Effects of polyoxymethylene as a polymeric nucleating agent on the isothermal crystallization and visible transmittance of poly(lactic acid)

  • Guo X
  • Liu H
  • Zhang J
 et al. 
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Abstract

In this work, use of polyoxymethylene (POM) as a polymeric nucleating agent for poly(lactic acid) (PLA) was studied. The compounding was performed using a twin-screw extruder. Effects of POM on isothermal crystallization of PLA at temperatures ranging from 106 °C to 111 °C and visible transmittance of PLA were examined in detail with various techniques, including polarized optical microscopy, differential scanning calorimetry (DSC), X-ray diffraction (XRD), and ultraviolet?visible (UV-vis) spectroscopy. Banded spherulites were noted when the POM content exceeded 5 wt?%. The presence of POM generally resulted in effective reductions in the half time of crystallization and the spherulite size of PLA. However, 1% POM was a threshold for the nucleating effect: at ≤1% POM, no nucleating effect was observed. Fourier transform infrared (FTIR) spectroscopy revealed the strong interaction between the two polymers. The Avrami modeling suggested a three-dimensional crystal growth at all temperatures and loading levels of POM. Although POM does not accelerate the crystallization of PLA as fast as some of the inorganic nucleating agents such as talc, it imparts PLA the nucleating effect without sacrificing transparency.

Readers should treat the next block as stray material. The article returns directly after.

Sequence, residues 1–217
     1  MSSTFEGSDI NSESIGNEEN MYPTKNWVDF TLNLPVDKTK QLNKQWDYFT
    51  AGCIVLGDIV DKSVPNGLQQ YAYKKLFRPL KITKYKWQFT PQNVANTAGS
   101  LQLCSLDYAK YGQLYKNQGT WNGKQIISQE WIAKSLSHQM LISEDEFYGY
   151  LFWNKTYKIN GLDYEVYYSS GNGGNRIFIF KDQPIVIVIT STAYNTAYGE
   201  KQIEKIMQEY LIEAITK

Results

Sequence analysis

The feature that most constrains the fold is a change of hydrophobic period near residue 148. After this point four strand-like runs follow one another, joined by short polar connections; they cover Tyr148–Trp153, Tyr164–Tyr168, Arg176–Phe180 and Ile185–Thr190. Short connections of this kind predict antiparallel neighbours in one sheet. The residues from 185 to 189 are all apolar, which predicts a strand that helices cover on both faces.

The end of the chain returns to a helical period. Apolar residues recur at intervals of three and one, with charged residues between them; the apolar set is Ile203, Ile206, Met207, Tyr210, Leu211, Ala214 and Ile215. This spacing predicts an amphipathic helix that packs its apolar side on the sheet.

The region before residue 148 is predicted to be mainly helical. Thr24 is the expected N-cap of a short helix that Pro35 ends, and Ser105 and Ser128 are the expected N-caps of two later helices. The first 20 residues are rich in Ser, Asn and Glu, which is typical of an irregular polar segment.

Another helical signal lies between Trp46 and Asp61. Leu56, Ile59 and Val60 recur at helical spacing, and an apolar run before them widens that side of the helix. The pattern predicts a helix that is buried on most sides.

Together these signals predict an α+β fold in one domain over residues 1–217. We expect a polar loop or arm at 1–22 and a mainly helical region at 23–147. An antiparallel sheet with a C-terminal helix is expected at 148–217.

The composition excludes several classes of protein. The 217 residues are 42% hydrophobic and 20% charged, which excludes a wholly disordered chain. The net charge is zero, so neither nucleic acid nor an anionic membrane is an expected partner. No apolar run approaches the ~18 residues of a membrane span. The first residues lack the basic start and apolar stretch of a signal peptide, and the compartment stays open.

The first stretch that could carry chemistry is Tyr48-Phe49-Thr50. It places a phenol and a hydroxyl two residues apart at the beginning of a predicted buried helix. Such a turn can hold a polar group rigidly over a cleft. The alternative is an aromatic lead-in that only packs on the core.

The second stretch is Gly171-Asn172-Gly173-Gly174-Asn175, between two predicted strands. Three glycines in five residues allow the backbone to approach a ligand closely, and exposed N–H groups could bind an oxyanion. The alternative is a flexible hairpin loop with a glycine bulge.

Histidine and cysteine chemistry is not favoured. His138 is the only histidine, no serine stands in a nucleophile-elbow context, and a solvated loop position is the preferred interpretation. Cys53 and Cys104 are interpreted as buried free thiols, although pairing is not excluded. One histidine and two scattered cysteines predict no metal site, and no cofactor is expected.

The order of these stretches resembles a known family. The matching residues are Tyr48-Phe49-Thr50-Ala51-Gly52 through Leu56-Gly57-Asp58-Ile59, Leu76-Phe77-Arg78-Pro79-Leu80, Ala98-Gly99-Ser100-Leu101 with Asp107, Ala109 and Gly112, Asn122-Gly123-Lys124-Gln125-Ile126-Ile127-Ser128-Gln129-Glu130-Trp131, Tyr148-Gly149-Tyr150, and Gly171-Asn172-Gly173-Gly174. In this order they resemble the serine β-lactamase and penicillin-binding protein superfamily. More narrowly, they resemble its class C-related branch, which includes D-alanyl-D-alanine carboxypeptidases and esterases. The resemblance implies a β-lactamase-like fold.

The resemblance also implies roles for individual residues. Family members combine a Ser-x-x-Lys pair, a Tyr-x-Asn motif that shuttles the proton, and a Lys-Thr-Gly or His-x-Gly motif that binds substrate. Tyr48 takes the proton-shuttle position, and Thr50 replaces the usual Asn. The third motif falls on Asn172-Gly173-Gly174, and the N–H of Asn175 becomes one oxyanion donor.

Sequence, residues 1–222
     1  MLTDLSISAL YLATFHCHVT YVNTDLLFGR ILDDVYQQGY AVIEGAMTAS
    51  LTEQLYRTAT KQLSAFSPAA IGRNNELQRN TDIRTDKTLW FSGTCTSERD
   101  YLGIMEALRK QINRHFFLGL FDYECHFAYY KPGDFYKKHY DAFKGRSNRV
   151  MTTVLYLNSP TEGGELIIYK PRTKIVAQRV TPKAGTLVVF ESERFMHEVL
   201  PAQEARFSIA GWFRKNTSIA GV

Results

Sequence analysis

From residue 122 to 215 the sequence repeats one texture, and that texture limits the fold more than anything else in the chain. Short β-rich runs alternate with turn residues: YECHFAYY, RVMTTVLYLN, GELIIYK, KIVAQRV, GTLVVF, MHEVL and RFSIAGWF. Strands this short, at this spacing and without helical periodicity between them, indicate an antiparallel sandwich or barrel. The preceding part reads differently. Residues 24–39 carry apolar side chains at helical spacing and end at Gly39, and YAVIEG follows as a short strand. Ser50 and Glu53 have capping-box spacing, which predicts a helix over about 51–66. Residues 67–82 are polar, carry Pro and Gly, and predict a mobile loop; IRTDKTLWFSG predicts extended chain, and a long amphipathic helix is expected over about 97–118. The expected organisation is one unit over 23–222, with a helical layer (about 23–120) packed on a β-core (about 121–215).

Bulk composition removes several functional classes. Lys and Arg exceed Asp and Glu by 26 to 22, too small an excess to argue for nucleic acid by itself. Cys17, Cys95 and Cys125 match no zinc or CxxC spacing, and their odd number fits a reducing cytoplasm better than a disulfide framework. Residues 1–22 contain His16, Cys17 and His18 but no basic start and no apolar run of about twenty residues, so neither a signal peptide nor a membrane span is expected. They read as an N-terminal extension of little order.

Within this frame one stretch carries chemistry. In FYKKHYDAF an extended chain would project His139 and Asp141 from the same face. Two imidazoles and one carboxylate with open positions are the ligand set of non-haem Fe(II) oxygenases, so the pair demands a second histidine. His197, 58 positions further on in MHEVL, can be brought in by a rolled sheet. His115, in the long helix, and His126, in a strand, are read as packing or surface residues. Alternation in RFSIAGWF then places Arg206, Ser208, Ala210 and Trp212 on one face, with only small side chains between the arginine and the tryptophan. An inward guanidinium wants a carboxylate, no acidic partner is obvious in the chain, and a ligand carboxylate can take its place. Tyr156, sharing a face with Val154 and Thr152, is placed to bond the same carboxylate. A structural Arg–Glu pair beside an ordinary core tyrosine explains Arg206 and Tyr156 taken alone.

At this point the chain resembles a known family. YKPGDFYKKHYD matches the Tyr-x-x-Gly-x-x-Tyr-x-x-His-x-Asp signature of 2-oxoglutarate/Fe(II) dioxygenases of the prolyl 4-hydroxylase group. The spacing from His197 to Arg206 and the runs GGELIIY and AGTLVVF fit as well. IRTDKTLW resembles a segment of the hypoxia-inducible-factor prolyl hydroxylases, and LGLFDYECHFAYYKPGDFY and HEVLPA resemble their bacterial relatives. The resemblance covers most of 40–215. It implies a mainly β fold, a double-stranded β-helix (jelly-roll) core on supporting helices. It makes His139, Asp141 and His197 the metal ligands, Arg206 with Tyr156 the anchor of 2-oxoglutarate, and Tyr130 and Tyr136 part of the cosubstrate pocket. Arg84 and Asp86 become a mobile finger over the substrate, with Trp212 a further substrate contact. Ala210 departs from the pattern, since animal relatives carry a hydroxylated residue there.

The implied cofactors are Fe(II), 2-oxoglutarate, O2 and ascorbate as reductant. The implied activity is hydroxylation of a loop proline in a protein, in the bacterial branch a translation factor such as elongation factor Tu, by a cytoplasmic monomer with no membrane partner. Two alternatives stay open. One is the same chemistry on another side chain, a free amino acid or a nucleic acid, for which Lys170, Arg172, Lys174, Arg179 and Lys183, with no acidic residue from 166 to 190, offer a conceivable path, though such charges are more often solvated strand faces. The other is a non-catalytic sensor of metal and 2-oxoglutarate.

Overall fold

In this work, use of polyoxymethylene (POM) as a polymeric nucleating agent for poly(lactic acid) (PLA) was studied. The compounding was performed using a twin-screw extruder. Effects of POM on isothermal crystallization of PLA at temperatures ranging from 106 °C to 111 °C and visible transmittance of PLA were examined in detail with various techniques, including polarized optical microscopy, differential scanning calorimetry (DSC), X-ray diffraction (XRD), and ultraviolet?visible (UV-vis) spectroscopy. Banded spherulites were noted when the POM content exceeded 5 wt?%. The presence of POM generally resulted in effective reductions in the half time of crystallization and the spherulite size of PLA. However, 1% POM was a threshold for the nucleating effect: at ≤1% POM, no nucleating effect was observed. Fourier transform infrared (FTIR) spectroscopy revealed the strong interaction between the two polymers. The Avrami modeling suggested a three-dimensional crystal growth at all temperatures and loading levels of POM. Although POM does not accelerate the crystallization of PLA as fast as some of the inorganic nucleating agents such as talc, it imparts PLA the nucleating effect without sacrificing transparency.

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